Indian wars and pioneers of Texas / by John Henry Brown. Page: 380 of 894
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INDIAN WARS AND PIONEERS OF TEXAS.
the firm name of Harris Martha Elizabetb. wife of
Pike L. Phelps, a gentleman engaged in the insurance
business, at Belton; Olivia Frances, wife of
John P. Hammersmith, a Belton merchant; Lucy
Bell and Annie Jackson, who live at home and are
now students at Baylor College, and Andrew Jackson
Harris, Jr. One son, Thomas, died July 9th,
1886, of membranous croup, aged two years and
Judge Harris has been a member of the Baptist
Church since 1876 and is one of the trustees of
Baylor Female College, at Belton.
He has never sought office and has never been a
voluntary candidate; nevertheless, at the State
Democratic Convention, held in 1886, his name was
submitted by his friends for nomination for one of
the judgeships of the Supreme Court of Texas, and
they claim that he received a majority of the votes
cast by the members of the convention, but on
account of some irregulariLies in counting them,
another ballot was taken and Judge R. R. Gaines
elected as the party's nominee.
Judge Harris occupies a position at the bar of
Texas, which he has so long graced with his learning
and talents, that should be a matter of pride to
him and is certainly a source of gratification to his
thousands of admirers and many friends who appreciate
the dignity and purity of his character,
the value of the public services he has rendered
and the luster that he has added to the profession
which he has so long adorned.
T. W. HOUSE,
T. W. House, veteran, merchant and banker of
Houston, was one of the notable pioneers of early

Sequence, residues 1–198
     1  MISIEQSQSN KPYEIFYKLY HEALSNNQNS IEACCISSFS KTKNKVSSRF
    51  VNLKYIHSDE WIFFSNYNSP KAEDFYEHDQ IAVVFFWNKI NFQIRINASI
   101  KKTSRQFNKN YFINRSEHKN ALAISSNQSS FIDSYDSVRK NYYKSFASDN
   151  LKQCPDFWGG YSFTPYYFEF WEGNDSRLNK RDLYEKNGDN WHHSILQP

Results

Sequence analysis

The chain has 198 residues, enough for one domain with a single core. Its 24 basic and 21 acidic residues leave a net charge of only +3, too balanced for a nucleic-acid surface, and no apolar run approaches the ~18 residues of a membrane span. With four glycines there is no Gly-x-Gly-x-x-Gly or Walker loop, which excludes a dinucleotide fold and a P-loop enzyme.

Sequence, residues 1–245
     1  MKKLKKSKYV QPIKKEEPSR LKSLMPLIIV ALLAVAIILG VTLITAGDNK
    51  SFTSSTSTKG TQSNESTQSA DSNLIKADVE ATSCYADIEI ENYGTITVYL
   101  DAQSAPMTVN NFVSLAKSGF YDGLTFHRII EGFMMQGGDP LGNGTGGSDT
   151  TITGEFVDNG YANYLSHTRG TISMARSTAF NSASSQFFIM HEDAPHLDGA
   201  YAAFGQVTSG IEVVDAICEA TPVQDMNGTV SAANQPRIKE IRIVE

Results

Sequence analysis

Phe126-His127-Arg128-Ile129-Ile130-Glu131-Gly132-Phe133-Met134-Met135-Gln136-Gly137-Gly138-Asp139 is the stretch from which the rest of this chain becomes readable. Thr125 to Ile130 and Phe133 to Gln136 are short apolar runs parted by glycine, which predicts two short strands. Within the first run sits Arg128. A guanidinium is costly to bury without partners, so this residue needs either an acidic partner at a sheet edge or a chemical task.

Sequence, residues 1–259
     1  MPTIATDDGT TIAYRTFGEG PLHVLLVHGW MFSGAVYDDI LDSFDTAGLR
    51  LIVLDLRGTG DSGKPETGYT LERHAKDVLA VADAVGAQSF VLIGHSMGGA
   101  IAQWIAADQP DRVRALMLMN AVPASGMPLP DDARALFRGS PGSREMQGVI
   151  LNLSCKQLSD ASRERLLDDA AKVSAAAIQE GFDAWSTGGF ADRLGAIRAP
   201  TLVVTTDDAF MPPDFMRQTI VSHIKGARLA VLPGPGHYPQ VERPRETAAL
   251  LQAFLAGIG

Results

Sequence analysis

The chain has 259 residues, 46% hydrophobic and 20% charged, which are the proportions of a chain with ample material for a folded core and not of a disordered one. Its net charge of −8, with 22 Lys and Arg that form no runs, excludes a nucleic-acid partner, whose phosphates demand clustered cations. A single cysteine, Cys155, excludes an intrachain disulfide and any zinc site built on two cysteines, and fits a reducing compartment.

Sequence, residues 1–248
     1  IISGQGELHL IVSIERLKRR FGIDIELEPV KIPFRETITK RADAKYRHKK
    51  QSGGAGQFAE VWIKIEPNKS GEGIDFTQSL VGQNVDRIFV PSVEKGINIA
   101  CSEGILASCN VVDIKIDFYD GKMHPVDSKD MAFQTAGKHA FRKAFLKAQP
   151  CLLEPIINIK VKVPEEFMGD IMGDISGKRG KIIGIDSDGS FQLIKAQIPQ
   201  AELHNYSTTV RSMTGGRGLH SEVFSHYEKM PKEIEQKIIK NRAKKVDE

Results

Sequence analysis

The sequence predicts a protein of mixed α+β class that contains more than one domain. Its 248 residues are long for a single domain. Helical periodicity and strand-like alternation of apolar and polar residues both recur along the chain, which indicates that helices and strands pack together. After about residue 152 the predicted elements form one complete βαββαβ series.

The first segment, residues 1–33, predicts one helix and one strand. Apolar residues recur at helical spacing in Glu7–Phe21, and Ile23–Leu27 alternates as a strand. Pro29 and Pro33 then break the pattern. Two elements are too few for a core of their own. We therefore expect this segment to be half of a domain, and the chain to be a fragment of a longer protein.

civilization and commerce in Texas. Born in
Somersetshire, England, in the year 1813, he died
at San Antonio, Texas, January 17th, 1880. His
forefathers were from Holland, from whence they
emigrated to England in the early dawn of the
eighteenth century, and settled in Somersetshire.
Up to the time that the subject of this memoir was
nineteen years of age, he worked on his father's
farm, but his father was poor, and, being the
youngest of four children, the future was not
bright, so he decided to come to America. He was
seconded in this resolution by a friend who was
captain of a
merchant vessel plying between Bristol
and New York and with whom he set sail for
America in the year 1832. He remained in New
York for several years, and afterwards went to New
Orleans, where he lived for a short time before coming
to Texas. It was while living at New Orleans
that his attention was first called to Texas and her
wonderful resources, and early in the year 1836 he
landed in Galveston, and at once went to Houston,
which was then being laid out. It was at this
place that be was destined to achieve the full measure
of his ambition. Soon after his arrival at
Houston he volunteered his services in behalf of
his adopted country and served as a soldier under
Gen. Burleson in the last days of the war of
1835-6, against Mexico. In 1838 he returned to
Houston and there, with the few hundred dollars
at his command, erected a tent, purchased a supply
of goods and began his wonderful career as a merchant.
His fortunes grew with the growth of the
town, to whose upbuilding he contributed perhaps
more than any other man, until he achieved the
rank of a merchant prince.
In 1840, he married Mary Elizabeth, only daughter
of Charles Shearn, afterwards Chief Justice of
Harris County. At the beginning of the war between
the States in 1861, he had reached such a
position.in the financial world that his advice and
services were sought by those in command of the
Confederate forces in Texas, and he co-operated
effectively with them in the work of obtaining
clothes and arms from abroad. He owned jointly
with the Confederate Government, the Harriet
Lane, the celebrated Federal steamer which was
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Brown, John Henry. Indian wars and pioneers of Texas / by John Henry Brown., book, ; Austin, Tex.. (texashistory.unt.edu/ark:/67531/metapth6725/m1/380/: accessed May 23, 2017), University of North Texas Libraries, The Portal to Texas History, texashistory.unt.edu; .